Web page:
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ERIC Number: ED346986
Record Type: Non-Journal
Publication Date: 1992-Apr
Reference Count: N/A
Sharing the Caring: Rethinking Current Policies.
Family Matters, n31 p40-55 Apr 1992
This article presents an argument for reforming Australian public policy in favor of social care, rather than family, residential, or community care, for the elderly, sick, and disabled. After noting policy assumptions that families are the focus of caring and women are the natural caregivers, the paper describes changes in Australian family structures that militate in favor of policy reform. Trends related to marriage and childbearing, women in the labor force, family incomes, the aging population, legislation, and employment practices are analyzed. The paper then considers the impact of financial cutbacks on community care. The terminology of "care" and "caring" is analyzed, and hidden assumptions and connotations of this terminology are discussed. The paper then provides estimates of the numbers of Australians with particular needs for care and offers evidence that women are the main caregivers for children, the disabled, and the elderly. Discussion then turns to the caring role, covering such topics as the caregivers' need for specialized knowledge and instrumental and emotional support; stress levels; the hierarchy of public support; and research needs. Costs of care are considered next, with an emphasis on the indirect social costs of the enormous contributions that families are required to make to care provision. Next, Australia's Home and Community Care (HACC) program, the main funding source for caregiver support, is described, and a care plan linking HACC agencies with informal sources of care is suggested. New directions for care are recommended with respect to community support for caregivers, housing, research needs, empowerment, employer roles, and new family roles. Finally, a social caring model that would ensure nationwide availability of adequate public services is outlined. (AC)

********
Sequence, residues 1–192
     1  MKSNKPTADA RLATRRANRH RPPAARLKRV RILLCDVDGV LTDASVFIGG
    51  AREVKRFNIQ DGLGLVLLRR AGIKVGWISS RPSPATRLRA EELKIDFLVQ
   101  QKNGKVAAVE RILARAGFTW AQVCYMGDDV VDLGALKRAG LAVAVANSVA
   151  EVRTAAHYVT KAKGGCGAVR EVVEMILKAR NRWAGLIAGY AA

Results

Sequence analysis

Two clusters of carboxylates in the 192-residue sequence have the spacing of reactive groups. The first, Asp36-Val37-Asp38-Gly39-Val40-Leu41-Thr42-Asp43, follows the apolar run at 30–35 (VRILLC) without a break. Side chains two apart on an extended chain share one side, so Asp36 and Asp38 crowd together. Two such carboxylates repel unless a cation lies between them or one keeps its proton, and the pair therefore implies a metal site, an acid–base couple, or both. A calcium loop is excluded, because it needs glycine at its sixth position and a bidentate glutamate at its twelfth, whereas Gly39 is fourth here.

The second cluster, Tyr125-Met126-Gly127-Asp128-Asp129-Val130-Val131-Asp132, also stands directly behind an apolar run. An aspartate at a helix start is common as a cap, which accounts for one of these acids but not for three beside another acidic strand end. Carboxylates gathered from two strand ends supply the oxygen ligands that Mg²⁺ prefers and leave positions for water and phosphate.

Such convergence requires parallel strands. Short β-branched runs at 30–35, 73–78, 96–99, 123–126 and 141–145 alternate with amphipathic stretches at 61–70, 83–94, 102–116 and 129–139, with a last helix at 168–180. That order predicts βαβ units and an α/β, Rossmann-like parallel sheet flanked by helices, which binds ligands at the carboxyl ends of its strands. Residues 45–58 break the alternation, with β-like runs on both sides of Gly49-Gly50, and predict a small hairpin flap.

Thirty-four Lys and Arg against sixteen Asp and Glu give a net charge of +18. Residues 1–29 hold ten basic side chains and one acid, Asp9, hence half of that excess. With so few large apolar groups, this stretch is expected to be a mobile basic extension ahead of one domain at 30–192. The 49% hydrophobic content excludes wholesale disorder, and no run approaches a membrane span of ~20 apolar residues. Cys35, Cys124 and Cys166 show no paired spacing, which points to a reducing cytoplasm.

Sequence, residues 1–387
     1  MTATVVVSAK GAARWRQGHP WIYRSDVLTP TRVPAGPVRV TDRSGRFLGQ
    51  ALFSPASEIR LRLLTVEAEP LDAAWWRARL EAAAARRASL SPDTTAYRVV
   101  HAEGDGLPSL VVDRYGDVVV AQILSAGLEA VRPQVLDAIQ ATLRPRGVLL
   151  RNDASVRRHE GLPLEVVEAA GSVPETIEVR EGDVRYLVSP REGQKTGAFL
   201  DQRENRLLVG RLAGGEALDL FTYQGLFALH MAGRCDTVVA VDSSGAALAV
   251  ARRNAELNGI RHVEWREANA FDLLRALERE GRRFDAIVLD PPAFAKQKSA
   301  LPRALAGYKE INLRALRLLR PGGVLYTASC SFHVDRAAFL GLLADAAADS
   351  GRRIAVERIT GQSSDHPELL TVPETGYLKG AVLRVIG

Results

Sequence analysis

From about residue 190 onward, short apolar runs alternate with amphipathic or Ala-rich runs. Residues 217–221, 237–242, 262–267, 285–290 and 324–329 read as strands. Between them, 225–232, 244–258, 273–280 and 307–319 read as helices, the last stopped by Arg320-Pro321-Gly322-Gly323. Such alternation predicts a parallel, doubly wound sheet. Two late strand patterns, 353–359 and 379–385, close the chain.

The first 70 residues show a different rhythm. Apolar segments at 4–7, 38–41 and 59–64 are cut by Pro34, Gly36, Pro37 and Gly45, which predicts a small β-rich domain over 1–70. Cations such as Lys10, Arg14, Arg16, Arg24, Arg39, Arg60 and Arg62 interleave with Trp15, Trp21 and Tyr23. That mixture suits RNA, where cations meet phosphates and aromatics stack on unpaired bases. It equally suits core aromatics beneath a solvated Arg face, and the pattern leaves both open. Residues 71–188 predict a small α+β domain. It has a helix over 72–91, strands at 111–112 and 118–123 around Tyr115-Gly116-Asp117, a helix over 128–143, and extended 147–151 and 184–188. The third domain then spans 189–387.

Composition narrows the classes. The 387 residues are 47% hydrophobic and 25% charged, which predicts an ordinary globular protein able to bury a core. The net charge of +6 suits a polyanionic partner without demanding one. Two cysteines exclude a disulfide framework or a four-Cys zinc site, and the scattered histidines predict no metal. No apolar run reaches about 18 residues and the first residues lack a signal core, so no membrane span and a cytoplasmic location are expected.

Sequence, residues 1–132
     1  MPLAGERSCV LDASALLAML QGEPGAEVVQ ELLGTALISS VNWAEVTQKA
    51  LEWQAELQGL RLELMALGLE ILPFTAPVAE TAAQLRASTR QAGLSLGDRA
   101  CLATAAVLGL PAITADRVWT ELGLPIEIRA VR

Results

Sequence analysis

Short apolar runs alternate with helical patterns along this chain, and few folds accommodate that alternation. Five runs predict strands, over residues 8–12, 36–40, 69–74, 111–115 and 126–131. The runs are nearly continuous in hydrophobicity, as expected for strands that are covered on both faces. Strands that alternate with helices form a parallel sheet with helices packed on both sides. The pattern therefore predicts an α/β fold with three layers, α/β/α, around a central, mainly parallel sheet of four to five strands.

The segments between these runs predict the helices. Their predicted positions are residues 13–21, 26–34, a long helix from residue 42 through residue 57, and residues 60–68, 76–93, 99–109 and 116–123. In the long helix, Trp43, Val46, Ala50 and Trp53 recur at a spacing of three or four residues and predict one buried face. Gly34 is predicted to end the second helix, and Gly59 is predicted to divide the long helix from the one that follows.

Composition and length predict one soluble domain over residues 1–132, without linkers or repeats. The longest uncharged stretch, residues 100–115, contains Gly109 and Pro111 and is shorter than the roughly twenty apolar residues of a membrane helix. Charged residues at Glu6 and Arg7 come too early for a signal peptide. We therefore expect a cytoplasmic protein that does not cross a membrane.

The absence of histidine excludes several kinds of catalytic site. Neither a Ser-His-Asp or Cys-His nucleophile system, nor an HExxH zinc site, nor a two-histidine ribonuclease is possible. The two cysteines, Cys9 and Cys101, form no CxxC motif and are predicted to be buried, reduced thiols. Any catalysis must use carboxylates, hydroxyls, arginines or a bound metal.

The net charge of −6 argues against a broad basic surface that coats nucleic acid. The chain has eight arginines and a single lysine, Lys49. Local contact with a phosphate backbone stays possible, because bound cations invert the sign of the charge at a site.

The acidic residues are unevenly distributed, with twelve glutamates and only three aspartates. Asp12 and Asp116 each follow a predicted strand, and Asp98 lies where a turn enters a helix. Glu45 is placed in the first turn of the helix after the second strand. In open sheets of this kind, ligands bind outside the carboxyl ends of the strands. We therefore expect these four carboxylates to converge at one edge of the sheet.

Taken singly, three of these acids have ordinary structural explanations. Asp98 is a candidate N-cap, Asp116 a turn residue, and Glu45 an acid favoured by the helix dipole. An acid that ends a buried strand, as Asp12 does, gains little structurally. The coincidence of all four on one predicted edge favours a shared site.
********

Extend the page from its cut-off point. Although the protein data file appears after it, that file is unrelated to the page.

Publication Type: Journal Articles; Opinion Papers
Education Level: N/A
Authoring Institution: Australian Inst. of Family Studies, Melbourne.
Identifiers - Location: Australia